Company’s Confidentiality Agreement Conflicts with Whistleblower Rule

April 1, 2015

The SEC brought its first enforcement action against a company for using overly restrictive language in confidentiality agreements with the potential to stifle the whistleblowing process. KBR Inc., a Houston-based global technology and engineering firm, was charged with violating whistleblower protection Rule 21F-17 enacted under the Dodd-Frank Act. The SEC stated that KBR required witnesses in certain internal investigations interviews to sign confidentiality statements with language warning that they could face discipline and even be fired if they discussed the matters with outside parties without the prior approval of KBR’s legal department.  Since these investigations included allegations of possible securities law violations, the SEC found that these terms violated Rule 21F-17, which prohibits companies from taking any action to impede whistleblowers from reporting possible securities violations to the SEC.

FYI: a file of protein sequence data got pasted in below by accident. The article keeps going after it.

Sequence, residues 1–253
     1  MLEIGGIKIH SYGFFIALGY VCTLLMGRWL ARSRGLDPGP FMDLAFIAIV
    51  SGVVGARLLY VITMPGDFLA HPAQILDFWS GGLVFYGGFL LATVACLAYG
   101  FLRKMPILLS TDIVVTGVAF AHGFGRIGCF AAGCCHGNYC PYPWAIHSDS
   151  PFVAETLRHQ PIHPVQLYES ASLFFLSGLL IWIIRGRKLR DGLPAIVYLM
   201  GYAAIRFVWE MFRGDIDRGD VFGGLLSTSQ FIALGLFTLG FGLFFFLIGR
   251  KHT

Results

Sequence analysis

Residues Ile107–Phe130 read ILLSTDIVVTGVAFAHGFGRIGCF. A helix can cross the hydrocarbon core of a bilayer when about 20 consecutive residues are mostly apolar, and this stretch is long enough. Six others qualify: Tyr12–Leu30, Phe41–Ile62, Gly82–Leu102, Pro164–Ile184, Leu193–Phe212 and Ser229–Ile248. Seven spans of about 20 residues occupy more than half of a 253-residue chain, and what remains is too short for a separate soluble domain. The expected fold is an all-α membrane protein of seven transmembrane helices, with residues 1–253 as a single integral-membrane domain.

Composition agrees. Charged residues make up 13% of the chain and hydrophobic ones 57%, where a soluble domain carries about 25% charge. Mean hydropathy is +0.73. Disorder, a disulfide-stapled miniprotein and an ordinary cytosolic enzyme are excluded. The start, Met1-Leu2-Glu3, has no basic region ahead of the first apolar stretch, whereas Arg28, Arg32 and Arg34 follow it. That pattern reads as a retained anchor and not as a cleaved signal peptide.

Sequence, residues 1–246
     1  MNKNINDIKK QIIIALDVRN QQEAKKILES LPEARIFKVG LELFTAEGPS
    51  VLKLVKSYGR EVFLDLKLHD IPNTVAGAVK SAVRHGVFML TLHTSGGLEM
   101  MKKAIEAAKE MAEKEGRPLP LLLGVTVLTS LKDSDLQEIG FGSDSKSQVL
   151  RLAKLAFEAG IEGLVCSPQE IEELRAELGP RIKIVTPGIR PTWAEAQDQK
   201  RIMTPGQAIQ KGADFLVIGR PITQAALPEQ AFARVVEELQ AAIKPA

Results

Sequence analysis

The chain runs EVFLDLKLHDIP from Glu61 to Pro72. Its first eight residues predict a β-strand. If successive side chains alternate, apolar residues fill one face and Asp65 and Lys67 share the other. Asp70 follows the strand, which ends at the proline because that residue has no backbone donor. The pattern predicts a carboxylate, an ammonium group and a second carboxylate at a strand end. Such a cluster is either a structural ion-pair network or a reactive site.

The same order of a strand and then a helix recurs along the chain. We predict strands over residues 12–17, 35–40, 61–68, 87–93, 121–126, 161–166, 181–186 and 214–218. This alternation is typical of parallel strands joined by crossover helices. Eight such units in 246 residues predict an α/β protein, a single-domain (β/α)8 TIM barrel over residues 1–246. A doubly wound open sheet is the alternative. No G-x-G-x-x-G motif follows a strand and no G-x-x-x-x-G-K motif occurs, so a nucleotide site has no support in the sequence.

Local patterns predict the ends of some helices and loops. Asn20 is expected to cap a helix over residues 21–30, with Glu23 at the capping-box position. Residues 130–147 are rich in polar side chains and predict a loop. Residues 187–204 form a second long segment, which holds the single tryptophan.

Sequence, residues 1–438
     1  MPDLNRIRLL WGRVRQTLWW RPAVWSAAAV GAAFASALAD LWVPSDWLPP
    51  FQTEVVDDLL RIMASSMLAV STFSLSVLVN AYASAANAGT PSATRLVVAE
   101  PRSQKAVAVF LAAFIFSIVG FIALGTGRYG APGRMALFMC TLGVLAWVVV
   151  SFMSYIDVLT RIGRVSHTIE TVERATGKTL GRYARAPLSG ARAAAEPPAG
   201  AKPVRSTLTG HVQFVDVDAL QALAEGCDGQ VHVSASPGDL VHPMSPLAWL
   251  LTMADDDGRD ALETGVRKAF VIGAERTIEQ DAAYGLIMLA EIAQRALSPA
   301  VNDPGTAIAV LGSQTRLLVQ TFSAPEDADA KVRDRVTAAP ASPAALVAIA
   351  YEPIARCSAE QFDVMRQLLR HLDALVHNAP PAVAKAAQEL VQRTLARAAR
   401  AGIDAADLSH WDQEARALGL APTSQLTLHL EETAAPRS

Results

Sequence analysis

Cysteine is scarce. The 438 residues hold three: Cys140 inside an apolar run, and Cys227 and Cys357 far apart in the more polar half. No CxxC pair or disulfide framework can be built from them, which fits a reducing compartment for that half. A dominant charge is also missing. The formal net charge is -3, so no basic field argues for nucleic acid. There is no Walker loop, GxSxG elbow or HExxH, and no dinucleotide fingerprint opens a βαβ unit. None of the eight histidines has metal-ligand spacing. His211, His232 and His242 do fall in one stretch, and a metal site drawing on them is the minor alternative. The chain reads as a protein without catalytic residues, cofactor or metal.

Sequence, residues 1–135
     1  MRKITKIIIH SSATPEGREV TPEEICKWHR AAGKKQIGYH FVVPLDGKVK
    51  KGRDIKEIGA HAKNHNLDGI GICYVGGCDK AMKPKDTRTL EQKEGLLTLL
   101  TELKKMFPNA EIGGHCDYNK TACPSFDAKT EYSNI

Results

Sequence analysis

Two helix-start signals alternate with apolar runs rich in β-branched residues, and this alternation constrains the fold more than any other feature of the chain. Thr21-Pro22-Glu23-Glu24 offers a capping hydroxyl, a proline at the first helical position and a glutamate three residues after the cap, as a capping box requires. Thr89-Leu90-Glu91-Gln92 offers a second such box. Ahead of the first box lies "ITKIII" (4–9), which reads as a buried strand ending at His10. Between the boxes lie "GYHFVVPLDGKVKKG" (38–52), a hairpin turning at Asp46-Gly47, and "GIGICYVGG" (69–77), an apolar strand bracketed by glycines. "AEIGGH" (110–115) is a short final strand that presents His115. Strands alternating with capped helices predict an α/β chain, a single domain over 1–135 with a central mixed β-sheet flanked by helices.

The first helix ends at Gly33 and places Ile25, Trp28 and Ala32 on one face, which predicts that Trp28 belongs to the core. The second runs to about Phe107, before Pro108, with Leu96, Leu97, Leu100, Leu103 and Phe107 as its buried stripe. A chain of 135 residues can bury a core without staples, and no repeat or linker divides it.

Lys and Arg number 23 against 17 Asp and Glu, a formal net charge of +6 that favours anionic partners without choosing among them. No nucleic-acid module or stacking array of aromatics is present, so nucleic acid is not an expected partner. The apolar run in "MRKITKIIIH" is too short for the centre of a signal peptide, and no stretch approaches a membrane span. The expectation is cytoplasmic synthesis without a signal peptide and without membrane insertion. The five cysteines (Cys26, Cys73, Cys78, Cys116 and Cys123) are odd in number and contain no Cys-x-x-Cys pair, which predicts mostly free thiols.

KBR agreed to pay a $130,000 penalty to settle the SEC’s charges and the company voluntarily amended its confidentiality statement by adding language making clear that employees are free to report possible violations to the SEC and other federal agencies without KBR approval or fear of retaliation.

Click to access the administrative order.


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